The first of its kind, this series is devoted to the use of physical principles in the study and scientific conservation of objects with cultural heritage significance. It begins with a review of the modern museum, which discusses new techniques employed in the conservation of museum artifacts such as X-ray tomography and other techniques used to study Egyptian mummies, bones and mineralization of bones in the archaeological context, and the degradation of parchment. All of these topics and techniques are essential for the preservation of our history. This includes finding ways to preserve parchment documents and letters, which much of our written heritage is documented on, so that it can be used and understood for generations to come. This book is a must have for any museum as well as any university that teaches or employs the techniques discussed.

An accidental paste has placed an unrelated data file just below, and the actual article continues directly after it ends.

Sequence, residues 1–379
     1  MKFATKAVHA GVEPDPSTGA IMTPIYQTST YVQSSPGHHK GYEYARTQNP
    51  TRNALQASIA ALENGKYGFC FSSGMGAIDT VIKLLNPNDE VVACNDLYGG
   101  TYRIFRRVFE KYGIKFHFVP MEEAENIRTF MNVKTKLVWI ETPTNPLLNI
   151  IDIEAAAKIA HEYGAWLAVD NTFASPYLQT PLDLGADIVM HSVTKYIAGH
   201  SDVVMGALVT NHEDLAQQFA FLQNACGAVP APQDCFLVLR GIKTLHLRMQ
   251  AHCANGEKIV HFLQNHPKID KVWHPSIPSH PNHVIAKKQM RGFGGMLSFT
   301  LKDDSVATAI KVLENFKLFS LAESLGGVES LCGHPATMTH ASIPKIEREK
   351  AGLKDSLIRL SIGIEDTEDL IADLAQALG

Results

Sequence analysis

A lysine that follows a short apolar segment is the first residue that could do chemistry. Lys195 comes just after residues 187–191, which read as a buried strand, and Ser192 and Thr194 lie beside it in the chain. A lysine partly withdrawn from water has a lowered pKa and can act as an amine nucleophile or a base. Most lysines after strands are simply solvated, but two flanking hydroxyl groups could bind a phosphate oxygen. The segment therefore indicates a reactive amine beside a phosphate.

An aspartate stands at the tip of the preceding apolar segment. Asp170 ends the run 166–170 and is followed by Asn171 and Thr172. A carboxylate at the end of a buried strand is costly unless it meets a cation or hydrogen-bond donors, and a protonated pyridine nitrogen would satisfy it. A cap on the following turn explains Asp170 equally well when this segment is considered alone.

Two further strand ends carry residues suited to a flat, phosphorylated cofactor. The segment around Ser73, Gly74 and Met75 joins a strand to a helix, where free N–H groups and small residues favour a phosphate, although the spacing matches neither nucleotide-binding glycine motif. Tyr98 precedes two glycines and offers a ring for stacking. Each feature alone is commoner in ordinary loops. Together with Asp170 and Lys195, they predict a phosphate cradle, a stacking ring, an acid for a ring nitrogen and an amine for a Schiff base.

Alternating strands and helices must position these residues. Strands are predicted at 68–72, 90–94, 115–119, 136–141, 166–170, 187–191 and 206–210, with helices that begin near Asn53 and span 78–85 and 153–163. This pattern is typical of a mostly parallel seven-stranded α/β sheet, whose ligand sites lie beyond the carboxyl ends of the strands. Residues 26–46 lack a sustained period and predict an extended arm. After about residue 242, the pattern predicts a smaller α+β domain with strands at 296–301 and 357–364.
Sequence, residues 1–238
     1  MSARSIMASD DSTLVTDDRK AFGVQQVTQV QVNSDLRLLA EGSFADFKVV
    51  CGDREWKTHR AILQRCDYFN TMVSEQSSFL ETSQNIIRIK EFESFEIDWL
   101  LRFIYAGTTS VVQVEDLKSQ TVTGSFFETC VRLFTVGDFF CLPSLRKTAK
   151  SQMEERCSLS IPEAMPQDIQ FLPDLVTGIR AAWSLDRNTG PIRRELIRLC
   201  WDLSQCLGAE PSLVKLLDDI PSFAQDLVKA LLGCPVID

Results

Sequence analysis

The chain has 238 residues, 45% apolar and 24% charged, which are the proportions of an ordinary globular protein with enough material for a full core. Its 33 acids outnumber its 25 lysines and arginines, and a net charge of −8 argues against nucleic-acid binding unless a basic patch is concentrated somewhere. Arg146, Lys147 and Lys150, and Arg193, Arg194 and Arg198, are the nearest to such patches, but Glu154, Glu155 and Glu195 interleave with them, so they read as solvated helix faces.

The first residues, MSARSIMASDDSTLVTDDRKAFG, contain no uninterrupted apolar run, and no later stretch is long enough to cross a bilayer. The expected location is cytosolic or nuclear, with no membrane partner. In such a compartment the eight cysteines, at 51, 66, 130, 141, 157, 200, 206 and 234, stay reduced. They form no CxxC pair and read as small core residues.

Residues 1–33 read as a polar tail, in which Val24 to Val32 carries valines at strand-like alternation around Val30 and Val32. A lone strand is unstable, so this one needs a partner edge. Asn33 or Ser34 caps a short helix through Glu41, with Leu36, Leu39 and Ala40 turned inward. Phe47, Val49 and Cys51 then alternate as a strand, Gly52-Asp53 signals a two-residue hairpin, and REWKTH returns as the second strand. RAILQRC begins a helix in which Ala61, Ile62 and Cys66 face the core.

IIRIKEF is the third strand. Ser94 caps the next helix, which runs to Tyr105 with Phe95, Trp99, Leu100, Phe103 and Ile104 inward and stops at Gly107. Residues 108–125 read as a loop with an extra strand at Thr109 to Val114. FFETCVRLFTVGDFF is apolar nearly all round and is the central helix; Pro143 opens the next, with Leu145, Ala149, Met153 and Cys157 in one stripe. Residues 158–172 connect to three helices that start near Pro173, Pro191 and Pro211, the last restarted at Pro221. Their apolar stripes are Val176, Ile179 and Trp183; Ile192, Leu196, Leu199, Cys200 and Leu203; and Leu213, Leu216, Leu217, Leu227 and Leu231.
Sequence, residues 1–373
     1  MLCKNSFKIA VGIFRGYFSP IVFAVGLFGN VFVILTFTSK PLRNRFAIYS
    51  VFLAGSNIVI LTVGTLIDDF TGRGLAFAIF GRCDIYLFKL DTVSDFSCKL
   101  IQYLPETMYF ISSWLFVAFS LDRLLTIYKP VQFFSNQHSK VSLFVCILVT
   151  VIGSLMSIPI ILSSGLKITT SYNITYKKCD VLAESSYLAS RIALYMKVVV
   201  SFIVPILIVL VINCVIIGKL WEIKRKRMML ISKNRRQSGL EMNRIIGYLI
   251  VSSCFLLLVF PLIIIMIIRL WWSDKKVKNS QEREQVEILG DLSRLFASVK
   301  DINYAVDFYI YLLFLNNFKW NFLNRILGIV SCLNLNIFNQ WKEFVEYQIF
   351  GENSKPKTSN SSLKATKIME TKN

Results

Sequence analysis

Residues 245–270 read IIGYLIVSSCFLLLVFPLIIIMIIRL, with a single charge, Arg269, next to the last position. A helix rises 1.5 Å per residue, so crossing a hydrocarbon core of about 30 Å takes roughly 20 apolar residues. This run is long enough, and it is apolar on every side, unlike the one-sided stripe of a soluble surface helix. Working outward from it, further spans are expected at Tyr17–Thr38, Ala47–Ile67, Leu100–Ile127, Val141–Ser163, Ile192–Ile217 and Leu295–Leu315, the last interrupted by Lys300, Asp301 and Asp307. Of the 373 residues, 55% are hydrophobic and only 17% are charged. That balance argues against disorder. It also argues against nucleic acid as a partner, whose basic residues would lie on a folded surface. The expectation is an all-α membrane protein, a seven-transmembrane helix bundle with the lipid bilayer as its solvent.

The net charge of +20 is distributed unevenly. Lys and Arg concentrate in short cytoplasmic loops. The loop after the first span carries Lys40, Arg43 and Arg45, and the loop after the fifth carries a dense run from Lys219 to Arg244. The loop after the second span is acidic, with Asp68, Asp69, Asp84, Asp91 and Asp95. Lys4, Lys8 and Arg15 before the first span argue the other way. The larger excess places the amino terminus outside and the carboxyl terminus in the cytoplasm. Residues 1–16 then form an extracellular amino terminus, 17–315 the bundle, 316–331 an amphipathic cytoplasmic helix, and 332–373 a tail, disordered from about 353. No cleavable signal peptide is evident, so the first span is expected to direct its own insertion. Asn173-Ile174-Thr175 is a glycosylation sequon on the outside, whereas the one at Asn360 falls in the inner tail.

Buy Physical Techniques in the Study of Art, Archaeology and Cultural Heritage book by David Bradley from Australia's Online Independent Bookstore, Boomerang Books.
(240mm x 165mm x 13mm)
Elsevier Science Ltd
Publisher: Elsevier Science & Technology
Country of Publication:
Author Biography - David Bradley
David Bradley is a Reader at the University of Surrey, Secretary of the International Radiation Physics Society and edits the journal Applied Radiation and Isotopes. His research interests concern photon scattering, radioanalytical techniques for determination of trace element concentrations and the development of synchrotron techniques for the characterisation of media. Professor Dudley Creagh, Professor and Director of Cultural Heritage Research, is an expert in the design and development of new analytical equipment, especially equipment using synchrotron radiation, for the study of materials, especially cultural heritage artefacts. He had led research on such topics as valuable medals (e.g., Victoria Cross), the protection of objects against corrosion, Australian aboriginal bark paintings, and the degradation ofiron-gall inks on parchments, movie film, and painted surfaces.